Hispanic Studies

Undergraduate Concentration

The concentration requires a minimum of ten courses: one required course, HISP 0650 Advanced Spanish through Literature and Film; up to six courses at the 700 level; and at least three courses at the 1000 level. HISP 0650 gives students fundamental tools for critical analysis while also specifically targeting the development of advanced grammar and writing skills.

Course Levels

HISP 0650 Advanced Spanish through Literature and Film is a required course (unless waived) that provides fundamental tools for critical analysis while continuing to emphasize grammar and writing development. 

700-level courses provide fundamental tools for critical analysis and opportunities for developing advanced skills in the Spanish language. The 700 level encompasses panoramic courses in the literary and cultural histories of Spain, Latin America, and the Latinx USA, as well as introductory courses on professional and literary translation and Spanish linguistics, all of which place emphasis on continued refinement of written and oral expression in Spanish.

In courses at the 1000 level, students explore particular authors, genres, periods or special topics and continue to hone their skills in literary and cultural analysis. Courses at the 1000 level focus on particular authors, genres, periods or special topics and introduce students to major critical voices and scholarly perspectives on the materials studied.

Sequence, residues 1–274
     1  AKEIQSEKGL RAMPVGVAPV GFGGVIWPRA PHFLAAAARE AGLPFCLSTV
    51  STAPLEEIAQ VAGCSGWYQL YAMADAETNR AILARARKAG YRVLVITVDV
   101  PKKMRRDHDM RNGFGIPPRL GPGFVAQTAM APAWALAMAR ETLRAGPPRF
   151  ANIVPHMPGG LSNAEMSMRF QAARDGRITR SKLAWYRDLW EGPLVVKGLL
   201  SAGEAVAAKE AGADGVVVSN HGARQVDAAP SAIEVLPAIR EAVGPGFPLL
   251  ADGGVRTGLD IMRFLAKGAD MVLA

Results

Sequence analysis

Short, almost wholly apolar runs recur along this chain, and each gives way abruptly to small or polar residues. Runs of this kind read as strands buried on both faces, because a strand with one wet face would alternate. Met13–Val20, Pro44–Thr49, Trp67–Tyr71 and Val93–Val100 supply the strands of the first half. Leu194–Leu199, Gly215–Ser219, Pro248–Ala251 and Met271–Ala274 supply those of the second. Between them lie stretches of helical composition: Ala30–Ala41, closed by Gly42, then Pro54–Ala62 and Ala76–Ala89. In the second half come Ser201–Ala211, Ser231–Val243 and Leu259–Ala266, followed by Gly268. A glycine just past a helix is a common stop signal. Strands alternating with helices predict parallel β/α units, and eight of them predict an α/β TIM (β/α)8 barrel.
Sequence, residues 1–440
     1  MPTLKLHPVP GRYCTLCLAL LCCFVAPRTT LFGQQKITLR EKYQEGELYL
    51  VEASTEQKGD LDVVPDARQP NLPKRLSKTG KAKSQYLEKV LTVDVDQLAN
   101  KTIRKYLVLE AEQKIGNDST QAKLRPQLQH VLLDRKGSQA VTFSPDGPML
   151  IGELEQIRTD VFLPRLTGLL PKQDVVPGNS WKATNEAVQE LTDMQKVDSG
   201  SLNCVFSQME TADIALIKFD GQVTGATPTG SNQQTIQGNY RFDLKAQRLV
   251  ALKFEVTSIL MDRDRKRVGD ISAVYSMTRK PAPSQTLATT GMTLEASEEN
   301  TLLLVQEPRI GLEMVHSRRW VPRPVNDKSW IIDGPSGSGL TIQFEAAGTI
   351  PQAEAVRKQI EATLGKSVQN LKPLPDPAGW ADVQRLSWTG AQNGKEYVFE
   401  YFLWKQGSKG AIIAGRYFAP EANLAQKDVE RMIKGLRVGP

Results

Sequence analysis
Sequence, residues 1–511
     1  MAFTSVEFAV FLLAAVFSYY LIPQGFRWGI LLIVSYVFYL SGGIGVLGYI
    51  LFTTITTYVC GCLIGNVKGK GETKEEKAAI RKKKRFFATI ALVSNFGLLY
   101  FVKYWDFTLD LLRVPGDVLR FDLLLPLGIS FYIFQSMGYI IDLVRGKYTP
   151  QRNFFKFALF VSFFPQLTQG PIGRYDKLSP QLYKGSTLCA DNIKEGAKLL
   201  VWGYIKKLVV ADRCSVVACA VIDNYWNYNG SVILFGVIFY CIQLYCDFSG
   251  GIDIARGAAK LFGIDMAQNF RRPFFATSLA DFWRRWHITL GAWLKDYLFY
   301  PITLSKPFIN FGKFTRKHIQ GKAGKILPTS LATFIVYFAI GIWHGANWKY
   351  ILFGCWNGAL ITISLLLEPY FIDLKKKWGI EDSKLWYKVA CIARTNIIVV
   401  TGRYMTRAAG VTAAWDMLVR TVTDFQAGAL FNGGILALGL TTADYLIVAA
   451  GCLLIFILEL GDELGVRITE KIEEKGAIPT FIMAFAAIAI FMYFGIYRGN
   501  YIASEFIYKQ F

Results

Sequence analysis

Concentrators must take at least one Hispanic Studies course with the WRIT designation.

Courses Taught in Spanish

The Hispanic Studies Literatures and Cultures concentration is designed to encourage and support language-specific study, for we believe that the linguistic cultural products of the Spanish-speaking world are most deeply appreciated in the original language. Hispanic Studies courses are therefore generally taught in Spanish, unless otherwise specified in the course description.

Up to two courses taken in English or another language, whether in the department or outside, can count toward the concentration. Students may apply up to four related courses from outside the department toward the  concentration, with prior approval from the Director of Undergraduate Studies (DUS). These courses may come from study abroad, transfer credit, and other departments and programs at Brown (e.g., Latin American and Caribbean Studies, Comparative Literature, History, Ethnic Studies, Anthropology), as long as they deal with themes related to the literatures, histories, languages, and/or cultures of Spain, Latin America, or the Latinx USA. 

Up to two courses in languages other than Spanish that are spoken in or are closely related to Spain and/or Latin America can count towards the concentration. As with all courses taken outside the department, students must petition the DUS in advance to have these courses counted, demonstrating their direct link to the student’s interests, for instance, for Honors Thesis research.